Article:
5 Pay Per Click Ad Tips

Here are simple tips to improve your pay per click ad performance and save your company money.

  1. Check your ads: I was looking at car dealer’s ad which enticed me to click. When I did I was sent to a page which says “no cars found”. Now this dealer is spending a lot of money for clicks and he’s probably losing potential customers and definitely throwing money away.
  2. Set Proper Location: If you are a local or regional business, make sure your ad is only set to display in that area. Too many people’s forget to set up their ad to display near their location. Your ads should only be set to display in places you do business. For instance, Bob the plumber from Boston MA shouldn’t be having ads display worldwide.  My guess is Bob isn’t flying to Beijing to unclog a toilet. Every click outside your business area is money down the drain (so to speak)
  3. Set Time Ads Display: I am not a big fan of ads running 24 hours a day. I think that most clicks in the middle of the night are probably just people fooling around, tire kickers, and perhaps people outside the country using proxy servers. How much business have you received from somebody clicking on ads at two or 3 AM? I pretty much think you’re better served having your ads running during normal business hours and perhaps a couple hours before after.
  4. Remove Keywords you don’t need:  When you’re in your ad words account and you’re finding suggested keywords, sometimes we add some without realizing that those clicks will not lead to business. For instance, if you are selling business products rather than consumer items, a click on someone looking for a consumer product that will not bring you business is a waste of money and a budget killer.  By sorting on your clicks you can see where your budget is going, if those dollars are being spent on a keyword that are questionable, try pausing it. You can always turn it on later if you find that you were mistaken. But more money get spent on that keywords and that is what you want to avoid.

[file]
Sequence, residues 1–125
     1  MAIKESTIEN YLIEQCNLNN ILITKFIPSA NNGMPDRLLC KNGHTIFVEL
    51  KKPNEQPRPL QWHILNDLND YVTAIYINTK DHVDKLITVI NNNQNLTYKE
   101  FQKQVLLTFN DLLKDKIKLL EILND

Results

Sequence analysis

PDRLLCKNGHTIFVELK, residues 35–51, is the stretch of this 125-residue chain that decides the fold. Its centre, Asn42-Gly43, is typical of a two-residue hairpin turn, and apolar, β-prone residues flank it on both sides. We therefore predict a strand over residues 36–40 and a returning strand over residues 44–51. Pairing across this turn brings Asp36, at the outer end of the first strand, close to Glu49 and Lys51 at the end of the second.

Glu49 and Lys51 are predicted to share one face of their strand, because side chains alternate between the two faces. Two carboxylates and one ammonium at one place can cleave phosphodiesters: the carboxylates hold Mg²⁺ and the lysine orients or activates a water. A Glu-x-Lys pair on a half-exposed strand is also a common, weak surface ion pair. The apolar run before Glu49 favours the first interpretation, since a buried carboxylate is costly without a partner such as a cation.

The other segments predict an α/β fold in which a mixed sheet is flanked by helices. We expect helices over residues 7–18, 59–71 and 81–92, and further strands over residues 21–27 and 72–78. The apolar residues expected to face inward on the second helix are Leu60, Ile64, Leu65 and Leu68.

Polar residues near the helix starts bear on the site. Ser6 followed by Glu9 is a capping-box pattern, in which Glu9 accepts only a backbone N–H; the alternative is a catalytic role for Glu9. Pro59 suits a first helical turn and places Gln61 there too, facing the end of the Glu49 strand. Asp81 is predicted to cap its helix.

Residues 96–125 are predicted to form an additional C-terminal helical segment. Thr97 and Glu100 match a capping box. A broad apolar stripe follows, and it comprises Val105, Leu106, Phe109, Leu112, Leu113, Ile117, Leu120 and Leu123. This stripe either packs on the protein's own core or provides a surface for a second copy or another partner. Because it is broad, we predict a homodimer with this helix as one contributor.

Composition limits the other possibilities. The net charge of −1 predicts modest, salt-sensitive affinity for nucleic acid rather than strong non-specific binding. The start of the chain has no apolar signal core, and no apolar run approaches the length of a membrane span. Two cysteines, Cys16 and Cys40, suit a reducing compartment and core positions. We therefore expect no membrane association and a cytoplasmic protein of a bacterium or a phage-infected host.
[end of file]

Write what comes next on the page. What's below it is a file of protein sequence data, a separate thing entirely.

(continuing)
5. Avoid Wholesale Changes: People tend to panic when it comes to their pay per click accounts. If they’re very successful, and then see a bit of a downturn the thinking it is to go in and blow up the account. I am here to tell you not to panic because that is the nature of the beast. There are definitely periods of ups and downs. But if you are having good luck with your ads and are getting business from them give it time. Perhaps tweak your ads and keywords, but don’t destroy what you have worked hard to achieve.

Bottom line: Pay Per Click Advertising (Definition: PPC) is not an exact science. It takes monitoring, tweaking and paying constant attention to your account. Taking these five common sense tips, you can save money and hopefully be far more effective with your advertising spend. Of course, this is the tip of the iceberg, if you need more assistance contact us today.

Drive Through Menus & Navigation Bars

User Experience Design From Fast Food Drive Through Menus? You Bet!

Drive Through Menus & Navigation BarsThe other day I pulled into a Dunkin’ Donuts Drive through lane. There it hit me. Voila, the menu was clear concise and I could immediately could find what I was looking for. I thought about it, and this is very similar to my goal when I build a navigation menu for people’s websites. Think about it, when you go to drive-through window they do a very good job of putting the things they want you to see (and order) front and center. These may be value deals and different things like that. Easy to order, and my guess is profitable for the franchise.

The reason this came into my mind was I had taken over managing the website for a company a while back. They had one of these wacky menus as I like to call them. It spanned the width of the page and had 50 sections. It took me five minutes just to find where their contact page link was! To me this is the exact opposite of what UX design [Definition] is all about. Now I have to admit, it did look pretty cool, you had pictures, different sections, separators and all kinds of cool and funky things. But what a mess from a user experience standpoint. I explained to my client, which I have preached since 1996 is to have a simple clear menu. Everything on your site should be a couple of clicks in, unless you are a big big company with thousands and thousands of webpages.

I look at it like this, the main menu buttons themselves are kind of like fast food restaurants’ value meals. These are the main sections of your website and the most important. These are your bread and butter, these are what you need people to click on to see your most valuable content.  Under those, you can have various subsections of your website. But don’t go crazy. I hate when you mouse over a link and then you see another level of links and then you mouse over that and you see another level. (I am tired just writing about it) To me this gets away from good design practices. I’m not saying it’s never necessary, but my feeling is you should avoid those third and fourth level menus if at all possible.

Mobile Menus:

Now that about 50% of your visitors are looking at your site on mobile, the simplification of menus has taken precedence in our user interface designs. You want to make sure that mobile menus are so simple and you’re not seeing 30 or 40 links.

Bottom Line:

Use the KISS principle when planning menus. Keep It Simple……